While in photographs the premium camera and the mirrorless camera seem similar in size, don’t be fooled. The mirrorless camera is still more bulky to carry around because its lens is still external and doesn’t retract into the camera’s body. To work around this, some manufacturers have opted for mirrorless cameras with smaller sensors. For example, the Nikon 1 series and the Samsung NX Mini, for example, opts for a smaller 1″ sensor whereas the Pentax Q series uses 1/2.3″ and 1/1.7″ sensor sizes.

The Lens Camera
The Sony QX1 (Image Source: Sony)
The Sony QX1
(Image Source: Sony)

This segment is relatively new and was pioneered by Sony back in 2013. The idea is that you already have a smartphone, which essentially serves as the camera body. So, the lens camera is basically a camera without a body. The lens interfaces with your phone via Wi-Fi and NFC, and your phone acts as a viewfinder.

While a relatively niche market for now, it could perhaps take off in the coming years. In end 2014 and early 2015, Sony and Olympus launched models that are essentially mirrorless cameras without the body, a sign of things to come.

The Phone Camera
The Nokia Lumia 1020 (Image Source: Microsoft)
The Nokia Lumia 1020
(Image Source: Microsoft)

Last but not least, let’s not forget the humble smartphone camera. We may have thought of it as a novelty at the time, but who knew back then that smartphone cameras would end up destroying an entire industry of cheap point-and-shoots? (Not me.)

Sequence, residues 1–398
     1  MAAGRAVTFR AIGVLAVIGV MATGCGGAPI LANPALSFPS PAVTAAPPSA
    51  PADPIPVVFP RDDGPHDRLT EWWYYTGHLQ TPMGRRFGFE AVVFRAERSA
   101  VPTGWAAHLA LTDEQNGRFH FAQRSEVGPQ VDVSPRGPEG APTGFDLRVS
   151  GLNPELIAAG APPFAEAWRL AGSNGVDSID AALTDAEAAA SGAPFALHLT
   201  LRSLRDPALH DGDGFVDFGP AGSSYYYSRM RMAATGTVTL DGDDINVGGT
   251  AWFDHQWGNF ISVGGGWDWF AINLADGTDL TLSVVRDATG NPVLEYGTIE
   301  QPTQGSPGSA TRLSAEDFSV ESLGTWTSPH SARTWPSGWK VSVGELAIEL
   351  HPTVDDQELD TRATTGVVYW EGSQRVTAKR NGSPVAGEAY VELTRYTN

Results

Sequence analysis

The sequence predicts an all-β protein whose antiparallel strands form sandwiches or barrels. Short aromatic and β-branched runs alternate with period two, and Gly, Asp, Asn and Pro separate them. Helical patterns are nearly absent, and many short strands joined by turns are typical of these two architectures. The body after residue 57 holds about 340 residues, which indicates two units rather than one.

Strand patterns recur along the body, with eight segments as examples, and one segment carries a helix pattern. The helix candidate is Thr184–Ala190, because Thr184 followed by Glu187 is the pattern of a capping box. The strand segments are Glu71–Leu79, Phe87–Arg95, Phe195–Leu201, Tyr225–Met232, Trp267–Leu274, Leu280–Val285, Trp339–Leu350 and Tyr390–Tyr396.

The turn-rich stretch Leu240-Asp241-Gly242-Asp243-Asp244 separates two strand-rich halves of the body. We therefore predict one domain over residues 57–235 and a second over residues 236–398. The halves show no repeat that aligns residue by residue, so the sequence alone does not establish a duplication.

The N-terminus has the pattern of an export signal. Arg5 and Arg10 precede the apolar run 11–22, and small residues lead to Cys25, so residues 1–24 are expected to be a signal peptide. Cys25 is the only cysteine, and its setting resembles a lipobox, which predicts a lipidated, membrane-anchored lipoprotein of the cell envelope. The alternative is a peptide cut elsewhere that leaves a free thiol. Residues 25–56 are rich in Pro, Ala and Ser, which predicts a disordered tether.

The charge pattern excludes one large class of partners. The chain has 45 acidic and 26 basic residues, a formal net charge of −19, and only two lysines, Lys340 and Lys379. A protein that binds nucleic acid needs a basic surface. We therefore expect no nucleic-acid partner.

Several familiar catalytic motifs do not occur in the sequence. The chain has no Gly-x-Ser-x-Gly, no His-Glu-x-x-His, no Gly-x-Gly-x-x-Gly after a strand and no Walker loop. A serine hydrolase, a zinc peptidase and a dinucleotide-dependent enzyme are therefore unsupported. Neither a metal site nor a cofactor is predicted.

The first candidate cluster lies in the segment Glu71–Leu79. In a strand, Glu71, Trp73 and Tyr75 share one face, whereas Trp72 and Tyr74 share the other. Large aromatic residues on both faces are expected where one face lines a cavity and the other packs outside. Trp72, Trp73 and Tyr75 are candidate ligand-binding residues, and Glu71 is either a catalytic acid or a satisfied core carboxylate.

We’ve come a long way since Sony Ericsson’s famed Cybershot phones. Today, we have phones such as the Sony Xperia Z3 and the Nokia Lumia 1020 giving compact cameras a run for their money. Heck, even the newer iPhones have been known for their decent image quality, especially in low-light.

As the saying goes, the best camera is the one that you have with you. The smartphone turns out to be that camera. But of course, if you’re reading this now, you’re probably wondering if you can do better than your smartphone camera. Indeed, most smartphone cameras are decent enough but nothing outstanding: you can’t zoom up close (without sacrificing image quality), and photographs in indoor or night situations often end up noisier than you’d wish.


Now that we’ve covered the various types of cameras, head over to Part 2 , where we’ll guide you to the best camera for your needs >> A Newbie’s Guide to Choosing a Compact Camera – Part 2

Article written by buyfromwhere.com .

Photo credits: http://www.wired.com/wp-content/uploads/2015/06/Leica-Q_Atmosphere-1024×768.jpg